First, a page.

Other things happened that have a felt impact on me but their meaning is elusive, they have an archetypal resonance that ripples out into my life. Every time I see a skink I think of the skinks on my quest and wonder about the relationship between then and now. I don’t want to reduce the magnificent being of the skink to some kind of lame ‘message’ for me but when I see them it makes me pause, drops me into the deep listening place, shifts the way I am reading my context in that moment.

There is a third category of happening that seemed insignificant at the time but later became intensely meaningful. I wove a crown of lomandra on the first day that represented my relationship with personal power. I initially hung it on a hollowed tree that served as an impromptu altar space but when it started to rain I placed it within the hollow around some banksia cones I had been playing with. Several days later I was describing to my girlfriend how the banksia cones represented the people in my family and how I had tried and failed to find one that represented me. As I was telling her this I suddenly realised that the crown represented me and that placing the crown around the banksia cones was symbolic of my family being cradled by my empowered self. An impulse driven by practicality upon further reflection turned into a symbolic act.

The fourth category is the great mystery itself, things that happened that may well have some kind of meaning that will never be unpacked, never be recognised or known with the conscious mind. Much of the time I was out in the bush I felt bored or sleepy or frustrated, much of the time it felt like nothing was happening, I often hear others describe their quests as largely uneventful. When I walked out of my quest site I cried, when I left the property I cried again, I can’t say why. My body had its own experience, its own mysterious journey, the experience shifted me on a fundamental level and I cannot begin to explain it.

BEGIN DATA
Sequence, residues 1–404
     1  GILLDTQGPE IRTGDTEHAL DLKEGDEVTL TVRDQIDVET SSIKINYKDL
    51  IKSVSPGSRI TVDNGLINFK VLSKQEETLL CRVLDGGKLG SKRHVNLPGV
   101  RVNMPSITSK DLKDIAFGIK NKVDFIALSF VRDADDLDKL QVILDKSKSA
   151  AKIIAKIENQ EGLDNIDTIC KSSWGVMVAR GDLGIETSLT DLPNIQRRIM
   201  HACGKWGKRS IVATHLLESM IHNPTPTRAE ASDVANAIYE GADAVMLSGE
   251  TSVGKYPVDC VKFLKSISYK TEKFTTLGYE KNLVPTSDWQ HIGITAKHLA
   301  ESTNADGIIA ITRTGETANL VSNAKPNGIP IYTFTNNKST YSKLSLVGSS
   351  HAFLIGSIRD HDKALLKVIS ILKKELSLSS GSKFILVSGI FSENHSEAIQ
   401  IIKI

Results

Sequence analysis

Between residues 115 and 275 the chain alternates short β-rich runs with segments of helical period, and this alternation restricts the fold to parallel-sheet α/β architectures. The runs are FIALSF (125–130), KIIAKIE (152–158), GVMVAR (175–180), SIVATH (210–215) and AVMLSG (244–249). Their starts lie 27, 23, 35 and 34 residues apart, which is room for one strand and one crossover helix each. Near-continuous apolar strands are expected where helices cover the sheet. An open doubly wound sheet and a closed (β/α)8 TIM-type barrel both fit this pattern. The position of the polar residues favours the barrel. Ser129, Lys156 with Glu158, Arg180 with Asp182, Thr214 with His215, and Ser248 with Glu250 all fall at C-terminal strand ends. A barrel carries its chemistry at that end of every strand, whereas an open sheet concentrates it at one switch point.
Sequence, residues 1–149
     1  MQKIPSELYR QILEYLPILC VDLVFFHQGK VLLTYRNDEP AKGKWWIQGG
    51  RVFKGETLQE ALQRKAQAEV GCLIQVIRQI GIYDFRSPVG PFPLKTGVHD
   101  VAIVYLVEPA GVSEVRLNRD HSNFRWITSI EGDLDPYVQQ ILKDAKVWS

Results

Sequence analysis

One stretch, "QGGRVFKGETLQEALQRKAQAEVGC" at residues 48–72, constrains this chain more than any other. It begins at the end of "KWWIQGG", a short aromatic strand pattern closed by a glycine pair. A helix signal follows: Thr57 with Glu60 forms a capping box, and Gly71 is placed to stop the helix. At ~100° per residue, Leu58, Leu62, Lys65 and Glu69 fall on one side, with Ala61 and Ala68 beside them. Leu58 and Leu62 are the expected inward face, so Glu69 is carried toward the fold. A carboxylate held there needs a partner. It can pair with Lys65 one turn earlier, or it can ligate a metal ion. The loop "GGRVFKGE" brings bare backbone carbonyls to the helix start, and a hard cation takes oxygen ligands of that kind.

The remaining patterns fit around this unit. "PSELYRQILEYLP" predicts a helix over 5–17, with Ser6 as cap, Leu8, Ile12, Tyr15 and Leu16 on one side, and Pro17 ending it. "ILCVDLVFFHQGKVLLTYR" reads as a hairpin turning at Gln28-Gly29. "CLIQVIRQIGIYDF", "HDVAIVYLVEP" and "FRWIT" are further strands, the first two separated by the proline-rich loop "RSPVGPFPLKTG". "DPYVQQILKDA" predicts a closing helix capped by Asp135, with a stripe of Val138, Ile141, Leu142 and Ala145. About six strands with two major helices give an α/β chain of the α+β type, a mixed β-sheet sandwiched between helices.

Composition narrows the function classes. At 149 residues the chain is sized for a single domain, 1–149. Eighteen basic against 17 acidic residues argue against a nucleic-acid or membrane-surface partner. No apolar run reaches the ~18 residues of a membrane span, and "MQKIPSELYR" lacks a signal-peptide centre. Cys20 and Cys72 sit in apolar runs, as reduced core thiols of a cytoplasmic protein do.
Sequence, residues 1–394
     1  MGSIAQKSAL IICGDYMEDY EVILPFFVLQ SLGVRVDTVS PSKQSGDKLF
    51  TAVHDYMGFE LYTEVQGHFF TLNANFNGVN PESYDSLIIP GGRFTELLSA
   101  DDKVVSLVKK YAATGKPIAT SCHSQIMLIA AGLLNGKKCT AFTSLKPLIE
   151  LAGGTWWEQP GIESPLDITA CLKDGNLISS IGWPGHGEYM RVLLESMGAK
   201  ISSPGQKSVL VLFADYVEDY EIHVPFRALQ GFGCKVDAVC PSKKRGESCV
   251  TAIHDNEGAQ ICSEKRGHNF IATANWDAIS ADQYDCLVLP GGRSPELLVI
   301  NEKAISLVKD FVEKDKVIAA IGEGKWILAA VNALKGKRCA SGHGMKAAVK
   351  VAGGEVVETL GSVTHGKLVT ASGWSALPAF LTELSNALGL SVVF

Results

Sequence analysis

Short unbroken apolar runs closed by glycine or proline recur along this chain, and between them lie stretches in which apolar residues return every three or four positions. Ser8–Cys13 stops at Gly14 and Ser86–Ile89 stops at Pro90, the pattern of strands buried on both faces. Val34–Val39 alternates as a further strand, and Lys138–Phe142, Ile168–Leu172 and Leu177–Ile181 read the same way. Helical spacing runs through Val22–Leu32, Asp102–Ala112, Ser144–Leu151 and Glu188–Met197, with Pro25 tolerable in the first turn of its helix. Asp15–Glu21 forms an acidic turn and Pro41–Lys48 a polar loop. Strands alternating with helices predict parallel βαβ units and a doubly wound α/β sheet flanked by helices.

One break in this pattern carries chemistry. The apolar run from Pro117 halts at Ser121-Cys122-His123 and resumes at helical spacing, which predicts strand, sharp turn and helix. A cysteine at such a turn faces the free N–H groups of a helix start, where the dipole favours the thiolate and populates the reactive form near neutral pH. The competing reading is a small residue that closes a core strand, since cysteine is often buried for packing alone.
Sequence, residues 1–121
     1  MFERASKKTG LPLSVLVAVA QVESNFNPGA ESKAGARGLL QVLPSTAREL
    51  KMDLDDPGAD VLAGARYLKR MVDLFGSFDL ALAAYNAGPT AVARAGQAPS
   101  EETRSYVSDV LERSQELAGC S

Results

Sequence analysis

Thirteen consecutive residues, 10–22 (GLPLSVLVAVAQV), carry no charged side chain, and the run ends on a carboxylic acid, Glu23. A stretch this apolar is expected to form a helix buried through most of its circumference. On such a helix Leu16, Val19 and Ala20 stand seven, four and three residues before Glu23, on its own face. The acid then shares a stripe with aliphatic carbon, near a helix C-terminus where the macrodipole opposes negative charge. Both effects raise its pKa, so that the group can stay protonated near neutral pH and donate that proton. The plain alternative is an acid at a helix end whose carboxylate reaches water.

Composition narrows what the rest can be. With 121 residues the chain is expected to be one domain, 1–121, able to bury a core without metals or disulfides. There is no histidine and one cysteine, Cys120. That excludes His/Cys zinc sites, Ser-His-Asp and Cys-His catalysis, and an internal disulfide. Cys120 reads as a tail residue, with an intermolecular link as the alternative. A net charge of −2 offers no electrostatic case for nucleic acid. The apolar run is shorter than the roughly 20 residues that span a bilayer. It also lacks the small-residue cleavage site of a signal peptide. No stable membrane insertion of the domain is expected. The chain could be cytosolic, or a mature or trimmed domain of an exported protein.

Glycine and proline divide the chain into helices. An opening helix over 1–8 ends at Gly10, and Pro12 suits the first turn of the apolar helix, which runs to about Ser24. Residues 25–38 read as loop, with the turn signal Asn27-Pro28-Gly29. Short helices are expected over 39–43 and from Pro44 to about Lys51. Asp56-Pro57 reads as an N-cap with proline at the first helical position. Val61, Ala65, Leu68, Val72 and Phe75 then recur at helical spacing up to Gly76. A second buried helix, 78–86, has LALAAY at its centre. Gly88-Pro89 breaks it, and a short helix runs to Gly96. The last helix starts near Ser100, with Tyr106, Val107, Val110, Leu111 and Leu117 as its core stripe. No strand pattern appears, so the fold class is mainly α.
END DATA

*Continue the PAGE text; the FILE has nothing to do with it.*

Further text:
Each of my quests has been a powerful ritual of surrender, to my Self, to the Earth, to the great mystery of which we are all a part. Each quest has seemed to send ripples of experience out in both directions, the things that happen before and after are as important as the time spent in the quest itself.

This last quest was very much about creativity, I suppose it’s obvious from my recent posts that I am quite preoccupied by this at the moment. The Echo of the Shadow was the week before my quest and the Teatro delos Sentidos workshop was the week after. I had powerful dreams of making music, sharing the stage with musical/spiritual heroes of mine. That’s not all it was about but I guess that’s the bit that I’m most interested in. Tonight I take a small step in that direction, I’m playing a gig at my house for a small group of friends to share, for the first time, some songs I’ve written.

David Suzuki has a go at talking sense downunder

Gratuitous chicken picture

And then we’re spiritual animals. We emerged out of nature and when we die we return to nature. We need to know there are forces impinging on us that we will never understand or control. We need to have sacred places where we go with respect, not just looking for resources or opportunity.

I am deeply ashamed that our government has attracted the attention of the global community for being on the cusp of a massively retrograde step (repealling the carbon tax). I am grateful that David Suzuki is having a go at talking some sense into them and the general populace. The Conversation has published an excerpt of his speech at the University of NSW, he writes very plainly about the paradigm shift that is necessary to address our current environmental crisis.